February 11, 2012 3 comments

Today’s post is an attempt to catch up on the lasted news and the evolution of the French presidential election. We have had quite a week. First, Claude Guéant and his “civilizations are not equal” declaration, then Sarkozy’s long interview in Le Figaro Magazine titled “Mes Valeurs Pour La France”, and the possibility that Marine Le Pen will not be able to gather the 500 necessary signatures to be able to be on the ballot.  Well first, let me clear one thing: Sarkozy is running, and there was never a doubt in my mind (or on his for that matter) that he wasn’t going to run again. Those who thought otherwise either don’t know much about politics or  have not been paying close attention to the Sarkozy circus.

So, this week, we have Guéant, Sarkozy, and Le Pen. The question is: what is the link between the 3? And how does Guéant’s declaration about civilizations play a role in helping Sarkozy win his reelection bid while at the same time taking a sharp ideological turn to his right? Well, everything is linked. It is like jigsaw puzzle and each little piece fits in its little place, and when all the pieces are assembled, the resulting image is Sarkozy in the Élysée Palace for 5 more years. Allow me to explain all of this, folks.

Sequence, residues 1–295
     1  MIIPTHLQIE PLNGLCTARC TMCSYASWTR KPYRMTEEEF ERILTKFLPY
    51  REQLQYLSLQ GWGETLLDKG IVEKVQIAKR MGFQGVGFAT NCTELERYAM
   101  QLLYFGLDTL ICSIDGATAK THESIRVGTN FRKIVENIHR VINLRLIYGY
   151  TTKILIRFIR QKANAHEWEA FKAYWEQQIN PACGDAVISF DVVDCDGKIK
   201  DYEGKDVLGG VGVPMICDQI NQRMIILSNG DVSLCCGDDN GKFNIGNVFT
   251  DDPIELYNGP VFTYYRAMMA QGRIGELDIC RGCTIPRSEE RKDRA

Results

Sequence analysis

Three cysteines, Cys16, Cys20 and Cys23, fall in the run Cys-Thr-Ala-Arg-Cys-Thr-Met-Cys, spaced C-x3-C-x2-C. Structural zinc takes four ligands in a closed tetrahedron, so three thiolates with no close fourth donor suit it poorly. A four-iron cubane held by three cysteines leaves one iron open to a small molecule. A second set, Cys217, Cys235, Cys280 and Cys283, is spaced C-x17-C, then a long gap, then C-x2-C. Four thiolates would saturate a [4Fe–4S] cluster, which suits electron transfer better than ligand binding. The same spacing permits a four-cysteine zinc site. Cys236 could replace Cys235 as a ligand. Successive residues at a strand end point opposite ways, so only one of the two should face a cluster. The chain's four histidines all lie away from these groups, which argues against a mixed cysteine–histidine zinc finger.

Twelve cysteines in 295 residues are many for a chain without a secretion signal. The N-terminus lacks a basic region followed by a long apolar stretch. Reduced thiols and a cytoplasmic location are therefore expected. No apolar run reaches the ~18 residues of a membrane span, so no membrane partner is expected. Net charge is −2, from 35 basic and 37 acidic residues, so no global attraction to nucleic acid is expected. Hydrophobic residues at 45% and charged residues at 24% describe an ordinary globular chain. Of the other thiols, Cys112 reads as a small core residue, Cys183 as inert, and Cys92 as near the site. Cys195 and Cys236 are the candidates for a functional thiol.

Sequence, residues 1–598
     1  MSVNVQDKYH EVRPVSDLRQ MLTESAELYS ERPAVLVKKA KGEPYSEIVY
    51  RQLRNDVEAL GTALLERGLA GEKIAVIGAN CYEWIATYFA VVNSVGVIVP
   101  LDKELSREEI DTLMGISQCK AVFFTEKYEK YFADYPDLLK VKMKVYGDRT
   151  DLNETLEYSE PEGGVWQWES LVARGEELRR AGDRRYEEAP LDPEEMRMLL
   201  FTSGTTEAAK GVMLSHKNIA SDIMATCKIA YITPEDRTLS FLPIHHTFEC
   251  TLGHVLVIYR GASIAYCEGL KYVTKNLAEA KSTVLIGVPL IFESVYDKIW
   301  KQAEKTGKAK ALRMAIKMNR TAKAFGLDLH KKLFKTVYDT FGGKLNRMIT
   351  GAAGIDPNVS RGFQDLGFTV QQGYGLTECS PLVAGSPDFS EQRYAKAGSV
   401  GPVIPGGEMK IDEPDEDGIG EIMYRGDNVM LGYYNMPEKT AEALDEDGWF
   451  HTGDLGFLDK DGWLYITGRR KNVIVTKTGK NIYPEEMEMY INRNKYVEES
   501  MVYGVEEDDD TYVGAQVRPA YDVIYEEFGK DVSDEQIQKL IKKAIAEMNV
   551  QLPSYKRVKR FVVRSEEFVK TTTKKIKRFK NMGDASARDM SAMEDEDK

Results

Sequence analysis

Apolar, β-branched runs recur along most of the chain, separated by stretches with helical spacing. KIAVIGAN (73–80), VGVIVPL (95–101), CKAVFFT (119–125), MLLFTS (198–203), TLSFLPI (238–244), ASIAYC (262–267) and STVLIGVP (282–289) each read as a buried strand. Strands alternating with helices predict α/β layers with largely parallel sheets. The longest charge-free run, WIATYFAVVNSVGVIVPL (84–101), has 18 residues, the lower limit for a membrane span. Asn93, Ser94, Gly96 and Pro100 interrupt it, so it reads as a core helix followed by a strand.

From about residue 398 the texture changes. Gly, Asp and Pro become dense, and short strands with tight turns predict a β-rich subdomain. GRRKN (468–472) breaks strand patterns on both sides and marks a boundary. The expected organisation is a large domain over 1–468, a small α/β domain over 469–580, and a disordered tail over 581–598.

First, we start with Marine Le Pen. As i write this post, Marine Le Pen does not have the 500 necessary signatures (500 parrainages) from local officials to be on the ballot. The likelihood that she does not get those signatures is real. So, who benefits the most from such a situation? Well, let us look at a poll conducted by Le Journal du Dimanche last weekend.